In 1351, England, overpopulated and feudal, was hit by the Black Death. This solved the overpopulation problem, but there was a shortage of labourers to work the land. This led to massive wage increases, accompanied by inflation and a better lifestyle for serfs. This was clearly unacceptable, so the government (the King and selected advisors) passed the Statute of Labourers in 1352 to put a stop to increased wages. This created a thriving black market in labour, as serfs ran away from their lords to work for better wages on other estates.
The Statute of Labourers was highly unsuccessful from the point of view of the lords, and was one of the contributing factors in the Peasants Revolt of 1381.
This excerpt from the Statute of Labourers is taken from "The Pound" by David Sinclair, with some of my own explanations added. This excerpt is essentially saying that all wages should return to 1347 rates, and lists many occupations and the wages allowed to them.
First, that carters, ploughmen, drivers of the plough, shepherds, swineherds, deies [dairy maids], and all other servants, shall take liveries and wages, accustomed the said twentieth year [of Edward IIIs reign, ie 1347, or four years before ] so that in the country where wheat was wont to be given, they shall take for the bushel ten pence, or wheat at the will of the giver, till it be otherwise ordained. And that they be allowed to serve by a whole year, or by other usual terms, and not by the day; and that none pay in the time of sarcling [hoeing] or hay-making but a penny the day; and a mower of meadows for the acre five pence, or by the day five pence; and reapers of corn in the first week of August two pence, and the second three pence, and so till the end of August, and less in the country where less was wont to be given, without meat or drink, or other courtesy to be demanded, given, or taken; and that such workmen bring openly in their hands to the merchant-towns their instruments, and there shall be hired in a common place and not privy.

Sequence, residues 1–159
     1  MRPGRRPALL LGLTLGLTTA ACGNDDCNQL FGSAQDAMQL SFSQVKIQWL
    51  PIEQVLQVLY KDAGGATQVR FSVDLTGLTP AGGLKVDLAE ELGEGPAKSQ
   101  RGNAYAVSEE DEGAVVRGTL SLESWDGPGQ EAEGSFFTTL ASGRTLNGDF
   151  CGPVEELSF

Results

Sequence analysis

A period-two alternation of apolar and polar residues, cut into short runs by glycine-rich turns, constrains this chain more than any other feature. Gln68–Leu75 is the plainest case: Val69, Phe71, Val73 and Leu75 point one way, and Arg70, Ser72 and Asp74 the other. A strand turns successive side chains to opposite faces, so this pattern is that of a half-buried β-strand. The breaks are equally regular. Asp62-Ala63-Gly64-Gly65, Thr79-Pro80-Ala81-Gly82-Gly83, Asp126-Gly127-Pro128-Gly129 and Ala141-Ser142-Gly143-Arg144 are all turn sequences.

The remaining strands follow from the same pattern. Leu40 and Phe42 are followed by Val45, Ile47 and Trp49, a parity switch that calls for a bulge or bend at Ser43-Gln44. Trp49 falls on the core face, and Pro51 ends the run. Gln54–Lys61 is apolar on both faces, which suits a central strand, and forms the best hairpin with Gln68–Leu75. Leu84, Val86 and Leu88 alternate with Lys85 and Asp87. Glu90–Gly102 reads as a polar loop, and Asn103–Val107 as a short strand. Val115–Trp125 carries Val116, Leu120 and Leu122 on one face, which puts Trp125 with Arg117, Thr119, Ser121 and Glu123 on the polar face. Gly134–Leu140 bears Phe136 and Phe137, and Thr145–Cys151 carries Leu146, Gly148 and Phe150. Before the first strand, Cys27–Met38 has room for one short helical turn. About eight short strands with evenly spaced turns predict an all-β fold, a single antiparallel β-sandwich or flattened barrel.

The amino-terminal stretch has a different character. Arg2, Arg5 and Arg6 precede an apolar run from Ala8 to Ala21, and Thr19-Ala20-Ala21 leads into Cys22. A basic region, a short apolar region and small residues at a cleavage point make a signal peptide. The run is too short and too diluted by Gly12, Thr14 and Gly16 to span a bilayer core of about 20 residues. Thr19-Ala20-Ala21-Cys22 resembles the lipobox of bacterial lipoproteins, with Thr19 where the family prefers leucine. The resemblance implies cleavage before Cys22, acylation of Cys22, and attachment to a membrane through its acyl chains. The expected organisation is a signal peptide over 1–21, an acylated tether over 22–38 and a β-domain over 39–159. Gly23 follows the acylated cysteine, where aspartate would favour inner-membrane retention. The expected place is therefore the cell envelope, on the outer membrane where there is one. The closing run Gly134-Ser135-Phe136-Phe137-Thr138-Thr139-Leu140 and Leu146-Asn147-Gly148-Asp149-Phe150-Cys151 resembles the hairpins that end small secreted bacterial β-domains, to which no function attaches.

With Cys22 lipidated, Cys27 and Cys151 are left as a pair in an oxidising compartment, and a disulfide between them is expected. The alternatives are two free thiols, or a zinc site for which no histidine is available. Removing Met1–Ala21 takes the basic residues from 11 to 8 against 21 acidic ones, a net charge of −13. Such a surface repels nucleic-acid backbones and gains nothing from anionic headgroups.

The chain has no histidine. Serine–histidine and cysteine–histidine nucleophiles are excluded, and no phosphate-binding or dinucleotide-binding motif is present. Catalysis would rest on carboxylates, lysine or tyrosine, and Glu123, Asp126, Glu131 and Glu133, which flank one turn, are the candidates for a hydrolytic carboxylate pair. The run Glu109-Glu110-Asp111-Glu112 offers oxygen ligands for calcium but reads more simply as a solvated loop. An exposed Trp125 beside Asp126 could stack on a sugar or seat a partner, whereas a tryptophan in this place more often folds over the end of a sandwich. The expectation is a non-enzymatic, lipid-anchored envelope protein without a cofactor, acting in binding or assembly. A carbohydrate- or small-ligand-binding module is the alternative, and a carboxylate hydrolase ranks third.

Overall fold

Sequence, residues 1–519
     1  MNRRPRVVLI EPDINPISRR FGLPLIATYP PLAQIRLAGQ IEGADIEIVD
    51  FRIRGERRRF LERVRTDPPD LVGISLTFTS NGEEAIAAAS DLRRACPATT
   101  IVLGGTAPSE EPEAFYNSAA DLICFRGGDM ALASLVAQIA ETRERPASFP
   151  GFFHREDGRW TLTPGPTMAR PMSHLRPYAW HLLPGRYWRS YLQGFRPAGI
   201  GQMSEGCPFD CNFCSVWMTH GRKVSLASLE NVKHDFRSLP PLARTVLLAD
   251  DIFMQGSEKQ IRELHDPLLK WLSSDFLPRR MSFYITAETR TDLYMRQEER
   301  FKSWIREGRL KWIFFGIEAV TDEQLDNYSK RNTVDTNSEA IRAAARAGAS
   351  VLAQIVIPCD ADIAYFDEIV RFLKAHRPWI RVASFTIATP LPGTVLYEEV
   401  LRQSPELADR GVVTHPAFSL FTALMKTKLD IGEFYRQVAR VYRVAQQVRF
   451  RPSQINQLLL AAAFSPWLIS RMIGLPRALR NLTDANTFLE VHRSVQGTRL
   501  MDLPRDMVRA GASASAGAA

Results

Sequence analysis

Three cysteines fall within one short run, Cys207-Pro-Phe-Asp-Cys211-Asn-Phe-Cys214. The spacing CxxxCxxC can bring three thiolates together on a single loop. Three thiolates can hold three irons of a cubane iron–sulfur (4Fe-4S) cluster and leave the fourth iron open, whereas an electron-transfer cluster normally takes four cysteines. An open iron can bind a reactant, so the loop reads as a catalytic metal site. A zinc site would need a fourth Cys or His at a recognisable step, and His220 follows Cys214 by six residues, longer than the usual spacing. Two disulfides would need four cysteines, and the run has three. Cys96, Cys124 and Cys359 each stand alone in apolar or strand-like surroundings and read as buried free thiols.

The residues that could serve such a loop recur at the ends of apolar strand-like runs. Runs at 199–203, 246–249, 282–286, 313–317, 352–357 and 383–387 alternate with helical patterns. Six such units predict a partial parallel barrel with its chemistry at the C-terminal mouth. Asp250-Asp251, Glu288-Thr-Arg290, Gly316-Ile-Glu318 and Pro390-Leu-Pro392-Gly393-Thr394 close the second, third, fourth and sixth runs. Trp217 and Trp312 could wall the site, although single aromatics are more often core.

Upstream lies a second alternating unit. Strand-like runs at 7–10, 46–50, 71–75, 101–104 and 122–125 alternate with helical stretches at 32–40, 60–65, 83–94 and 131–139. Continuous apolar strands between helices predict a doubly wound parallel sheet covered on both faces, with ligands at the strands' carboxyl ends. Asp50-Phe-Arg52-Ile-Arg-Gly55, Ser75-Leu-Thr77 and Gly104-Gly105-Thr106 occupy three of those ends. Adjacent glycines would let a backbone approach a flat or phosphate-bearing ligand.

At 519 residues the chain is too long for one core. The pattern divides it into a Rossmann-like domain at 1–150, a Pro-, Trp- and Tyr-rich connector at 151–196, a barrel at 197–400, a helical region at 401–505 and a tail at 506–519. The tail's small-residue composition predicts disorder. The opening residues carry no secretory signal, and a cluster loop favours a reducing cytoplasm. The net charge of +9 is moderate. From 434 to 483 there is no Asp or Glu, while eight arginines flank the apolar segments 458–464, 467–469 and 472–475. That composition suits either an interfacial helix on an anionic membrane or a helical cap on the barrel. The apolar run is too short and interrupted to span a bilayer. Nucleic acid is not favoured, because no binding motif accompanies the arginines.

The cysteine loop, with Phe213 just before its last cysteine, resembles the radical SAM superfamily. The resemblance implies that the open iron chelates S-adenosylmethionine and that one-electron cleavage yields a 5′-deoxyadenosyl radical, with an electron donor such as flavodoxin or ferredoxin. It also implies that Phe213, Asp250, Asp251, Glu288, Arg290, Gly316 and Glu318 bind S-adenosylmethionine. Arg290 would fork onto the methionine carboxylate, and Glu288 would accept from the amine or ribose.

Item, that carpenters, masons, and tilers, and other workmen of houses, shall not take by the day for their work, but in the manner as they were wont, that is to say: a master carpenter 3d. and another 2d.; and master free-stone mason 4d. and other masons 3d. and their servants 1d.; tilers 3d. and their knaves 1d.; and other coverers of fern and straw 3d. and their knaves 1d.; plasterers and other workers of mudwalls, and their knaves, by the same manner, without meat or drink, 1s. from Easter to Saint Michael [ 29th September] and from that time less, according to the rate and discretion of the justices.
Item, that cordwainers and shoemakers shall not sell boots nor shoes, nor none other thing touching their mystery, in any other manner than they were wont the said twentieth year: item, that goldsmiths, saddlers, horsesmiths, spurriers, tanners, curriers, tawers of leather, tailors, and other workmen, artificers, and labourers, and all other servants here not specified, shall be sworn before the justices, to do and use their crafts and offices in the manner they were wont to do the said twentieth year, and in time before, without refusing the same because of this ordinance; and if any of the said servants, labourers, workmen, or artificers, after such oath made, come against this ordinance, he shall be punished by fine and ransom, and imprisonment after the discretion of the justices.